As I sit down to draft today’s article, I’m in a perfectly apt setting for the topic I am going to discuss. It wasn’t planned this way (I’ve had today’s topic in mind for quite some time); I take it as a pleasant coincidence.
I’m sitting in a small 400 square foot cabin on a remote corner of Martha’s Vineyard. All I can see are sand dunes covered with green shrubbery, all I can hear is the sound of crashing waves just over the dunes and the persistent hum of some nearby crickets. I can see the neighboring cabin over a hill only if I stand up and stand in a specific corner, on my tiptoes.
While there is wifi at the cabin, I have forgotten the password and I’m alone for the time being. My cell phone is on airplane mode, as there is very weak reception here and my phone will continue searching for a tower as long as it’s enabled to, thus quickly draining the battery.
In short, the setting I’m in is completely serene and optimal for some focused writing. I’m gladly embracing this forced disconnection from the world at large.
This setting has also allowed me time to reflect even more on what I’ve been thinking about for quite awhile. How can we adopt a healthy approach to dealing with the constant availability of information in our world today?
Handling Abundant Connectivity Responsibly
In typical day-to-day settings you find yourself in (i.e., not a cabin that is more or less off-the-grid), the biggest obstacles to productivity remain in front of you and/or in your pocket at all times: your computer and your cell phone.
These are two items which are getting thinner and lighter as technology evolves, yet the digital world they connect you to is only growing larger at an exponential pace.
When all the information in the world is accessible in a matter of seconds through a hand-held device in your pocket, it’s a bit of an overwhelming proposition to willingly control the perpetual desire to be seeking out something.
Be it news, insignificant Facebook and Reddit posts, or fact-checking your own thoughts through Google or Wikipedia (I can’t be the only person that does this).
Failing to acknowledge and establish a healthy relationship with this constant connectivity can be a very dangerous thing. It’s a less-than-ideal byproduct of the world we live in: the very technology enabling productivity has the power to shut it down just as easily.
There’s a Diet For That
When there is an overabundance of a resource and it’s up to individuals to control consumption of it, words such as “diet” start getting thrown around.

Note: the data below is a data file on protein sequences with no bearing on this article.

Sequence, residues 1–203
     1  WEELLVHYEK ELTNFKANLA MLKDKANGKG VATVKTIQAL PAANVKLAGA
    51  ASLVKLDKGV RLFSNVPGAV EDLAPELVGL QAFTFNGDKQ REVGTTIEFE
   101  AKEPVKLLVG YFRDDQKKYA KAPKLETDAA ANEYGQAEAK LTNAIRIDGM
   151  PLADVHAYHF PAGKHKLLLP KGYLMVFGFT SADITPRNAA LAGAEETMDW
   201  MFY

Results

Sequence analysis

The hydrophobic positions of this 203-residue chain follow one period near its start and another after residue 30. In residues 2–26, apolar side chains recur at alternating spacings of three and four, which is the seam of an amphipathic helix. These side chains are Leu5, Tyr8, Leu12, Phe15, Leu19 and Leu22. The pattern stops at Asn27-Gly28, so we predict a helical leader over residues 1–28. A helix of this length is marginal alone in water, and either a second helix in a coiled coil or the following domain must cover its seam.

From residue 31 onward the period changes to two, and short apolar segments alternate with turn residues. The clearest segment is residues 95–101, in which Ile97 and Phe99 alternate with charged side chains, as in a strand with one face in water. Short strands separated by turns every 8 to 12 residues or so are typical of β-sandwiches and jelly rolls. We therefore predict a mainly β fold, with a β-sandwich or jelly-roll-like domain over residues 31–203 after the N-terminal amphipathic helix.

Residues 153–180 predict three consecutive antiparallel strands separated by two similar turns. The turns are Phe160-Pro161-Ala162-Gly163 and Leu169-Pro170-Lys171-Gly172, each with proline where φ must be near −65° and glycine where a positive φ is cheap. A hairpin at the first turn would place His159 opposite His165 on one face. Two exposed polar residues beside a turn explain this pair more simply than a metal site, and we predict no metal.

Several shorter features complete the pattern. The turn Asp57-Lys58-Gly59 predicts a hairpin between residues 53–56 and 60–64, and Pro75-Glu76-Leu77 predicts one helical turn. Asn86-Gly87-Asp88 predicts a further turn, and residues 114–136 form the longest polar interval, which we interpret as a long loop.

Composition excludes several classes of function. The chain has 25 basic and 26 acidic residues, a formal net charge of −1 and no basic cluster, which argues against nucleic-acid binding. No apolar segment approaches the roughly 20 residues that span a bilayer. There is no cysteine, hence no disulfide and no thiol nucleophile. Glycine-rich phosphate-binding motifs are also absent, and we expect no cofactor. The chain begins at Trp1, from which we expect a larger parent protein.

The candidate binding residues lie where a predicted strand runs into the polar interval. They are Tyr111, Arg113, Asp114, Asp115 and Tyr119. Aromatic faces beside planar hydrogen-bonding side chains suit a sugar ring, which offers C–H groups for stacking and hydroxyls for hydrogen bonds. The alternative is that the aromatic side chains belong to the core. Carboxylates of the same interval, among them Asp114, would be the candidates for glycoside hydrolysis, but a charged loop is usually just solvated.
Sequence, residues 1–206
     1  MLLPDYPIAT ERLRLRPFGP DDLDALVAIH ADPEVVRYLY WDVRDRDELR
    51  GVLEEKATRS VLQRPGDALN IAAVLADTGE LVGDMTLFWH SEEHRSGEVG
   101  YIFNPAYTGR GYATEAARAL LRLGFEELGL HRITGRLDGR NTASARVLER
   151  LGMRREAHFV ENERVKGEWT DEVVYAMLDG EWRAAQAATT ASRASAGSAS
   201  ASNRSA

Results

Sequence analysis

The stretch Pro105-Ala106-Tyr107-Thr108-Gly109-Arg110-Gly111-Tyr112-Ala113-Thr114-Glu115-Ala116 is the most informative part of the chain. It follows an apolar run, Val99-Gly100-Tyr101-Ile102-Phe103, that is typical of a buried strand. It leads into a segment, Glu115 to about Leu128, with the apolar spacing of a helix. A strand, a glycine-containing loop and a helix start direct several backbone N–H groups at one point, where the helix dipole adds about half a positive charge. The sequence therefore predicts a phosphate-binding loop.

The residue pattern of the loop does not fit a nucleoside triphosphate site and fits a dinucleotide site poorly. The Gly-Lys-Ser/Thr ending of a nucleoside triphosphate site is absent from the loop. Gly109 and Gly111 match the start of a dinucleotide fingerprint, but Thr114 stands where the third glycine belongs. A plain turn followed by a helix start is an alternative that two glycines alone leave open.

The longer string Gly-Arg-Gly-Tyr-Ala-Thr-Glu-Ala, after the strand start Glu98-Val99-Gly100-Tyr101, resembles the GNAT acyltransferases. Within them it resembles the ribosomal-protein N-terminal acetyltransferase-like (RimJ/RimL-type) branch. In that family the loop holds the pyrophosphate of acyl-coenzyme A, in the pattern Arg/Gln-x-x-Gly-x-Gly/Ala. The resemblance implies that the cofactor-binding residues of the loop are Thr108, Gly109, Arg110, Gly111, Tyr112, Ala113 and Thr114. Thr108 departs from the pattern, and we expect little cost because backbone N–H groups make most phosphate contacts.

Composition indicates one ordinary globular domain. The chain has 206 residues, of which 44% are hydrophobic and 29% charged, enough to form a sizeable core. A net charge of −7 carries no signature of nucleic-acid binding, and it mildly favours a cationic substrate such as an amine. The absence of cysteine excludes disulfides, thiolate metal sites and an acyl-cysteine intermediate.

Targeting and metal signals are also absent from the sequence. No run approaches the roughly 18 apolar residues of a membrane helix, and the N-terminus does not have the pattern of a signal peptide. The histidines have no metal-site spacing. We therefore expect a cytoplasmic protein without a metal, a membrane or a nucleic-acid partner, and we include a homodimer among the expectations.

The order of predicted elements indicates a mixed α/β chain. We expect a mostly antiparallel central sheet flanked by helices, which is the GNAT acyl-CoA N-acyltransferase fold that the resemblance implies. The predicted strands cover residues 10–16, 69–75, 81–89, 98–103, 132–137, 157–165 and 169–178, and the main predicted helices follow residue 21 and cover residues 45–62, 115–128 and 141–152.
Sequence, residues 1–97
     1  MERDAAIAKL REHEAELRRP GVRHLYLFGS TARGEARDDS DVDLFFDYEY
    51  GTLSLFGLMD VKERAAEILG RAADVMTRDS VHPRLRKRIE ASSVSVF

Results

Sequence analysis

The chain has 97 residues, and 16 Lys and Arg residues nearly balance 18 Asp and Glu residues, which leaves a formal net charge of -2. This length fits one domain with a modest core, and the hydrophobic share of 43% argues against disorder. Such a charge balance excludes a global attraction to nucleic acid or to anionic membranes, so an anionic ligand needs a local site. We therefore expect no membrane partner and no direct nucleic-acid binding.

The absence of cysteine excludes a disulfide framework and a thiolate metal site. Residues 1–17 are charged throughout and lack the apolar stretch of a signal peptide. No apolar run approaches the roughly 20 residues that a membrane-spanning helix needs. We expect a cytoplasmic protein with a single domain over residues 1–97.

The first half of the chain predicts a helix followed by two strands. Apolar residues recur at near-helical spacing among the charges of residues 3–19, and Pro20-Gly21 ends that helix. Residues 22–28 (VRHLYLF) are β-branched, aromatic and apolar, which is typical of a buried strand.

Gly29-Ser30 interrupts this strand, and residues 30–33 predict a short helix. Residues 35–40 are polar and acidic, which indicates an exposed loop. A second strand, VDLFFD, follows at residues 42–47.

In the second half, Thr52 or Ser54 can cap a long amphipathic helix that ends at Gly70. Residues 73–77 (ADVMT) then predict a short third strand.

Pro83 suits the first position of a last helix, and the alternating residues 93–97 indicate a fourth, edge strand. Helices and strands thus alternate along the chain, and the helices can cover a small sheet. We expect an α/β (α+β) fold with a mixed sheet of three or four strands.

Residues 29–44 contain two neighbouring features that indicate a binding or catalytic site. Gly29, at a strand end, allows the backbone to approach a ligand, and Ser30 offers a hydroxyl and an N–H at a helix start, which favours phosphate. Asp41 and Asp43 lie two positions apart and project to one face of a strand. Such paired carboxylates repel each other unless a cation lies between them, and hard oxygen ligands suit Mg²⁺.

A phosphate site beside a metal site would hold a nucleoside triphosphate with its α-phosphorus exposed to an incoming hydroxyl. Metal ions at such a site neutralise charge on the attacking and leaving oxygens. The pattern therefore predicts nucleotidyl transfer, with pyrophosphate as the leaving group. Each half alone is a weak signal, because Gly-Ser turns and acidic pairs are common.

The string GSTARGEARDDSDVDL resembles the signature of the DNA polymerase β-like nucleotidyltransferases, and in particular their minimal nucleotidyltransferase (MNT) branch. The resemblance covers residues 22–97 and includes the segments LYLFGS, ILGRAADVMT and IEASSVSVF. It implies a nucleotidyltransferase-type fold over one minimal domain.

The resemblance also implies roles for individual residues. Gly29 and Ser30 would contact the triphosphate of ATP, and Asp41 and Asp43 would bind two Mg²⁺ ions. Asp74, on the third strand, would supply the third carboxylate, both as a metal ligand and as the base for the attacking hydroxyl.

Suffice it to say, “information diet” is a very real term in today’s world.
There’s even a book about it (full disclosure: as of this writing, I am yet to read this book. In fact, I wasn’t even aware of its existence until doing research for this article).
In its typical context, the term infers that there is simply too much information being consumed, which can lead to overwhelm or burnout. The solution, then, is to go on an information diet and simply consume less of it. Pretty straightforward concept, right?
Today, I’d like to focus on a specific interpretation of the term which leads to a much more productive way of addressing the problem.
With any food-related diet, equally important to how much you eat is what you eat. Lots of diet programs focus heavier on the latter.
Simply eating less may help achieve the stated goal of losing weight, but it isn’t a sustainable solution. The root habits of food consumption – the types of foods you are willing to routinely put in your body – need to be addressed to make real sweeping changes which will stick.
Similarly, keeping a strict regimen with respect to the types and amounts of information you choose to consume can lead to a sustained progression towards your own growth and development.
Have you ever told yourself you want to get something done, only to find that you procrastinate and wallow around, doing anything but the task at hand?
In situations like this, how do you find yourself spending your time? Maybe you spend a few hours watching TV or a movie. Maybe you browse Facebook or check Twitter and Instagram feeds.
The danger with services like these is that they offer endless streams of information.
Therefore, the onus is on you to decide a stopping point, or when to sign off. This isn’t an easy thing to do when you are using these sources as a distraction from something else.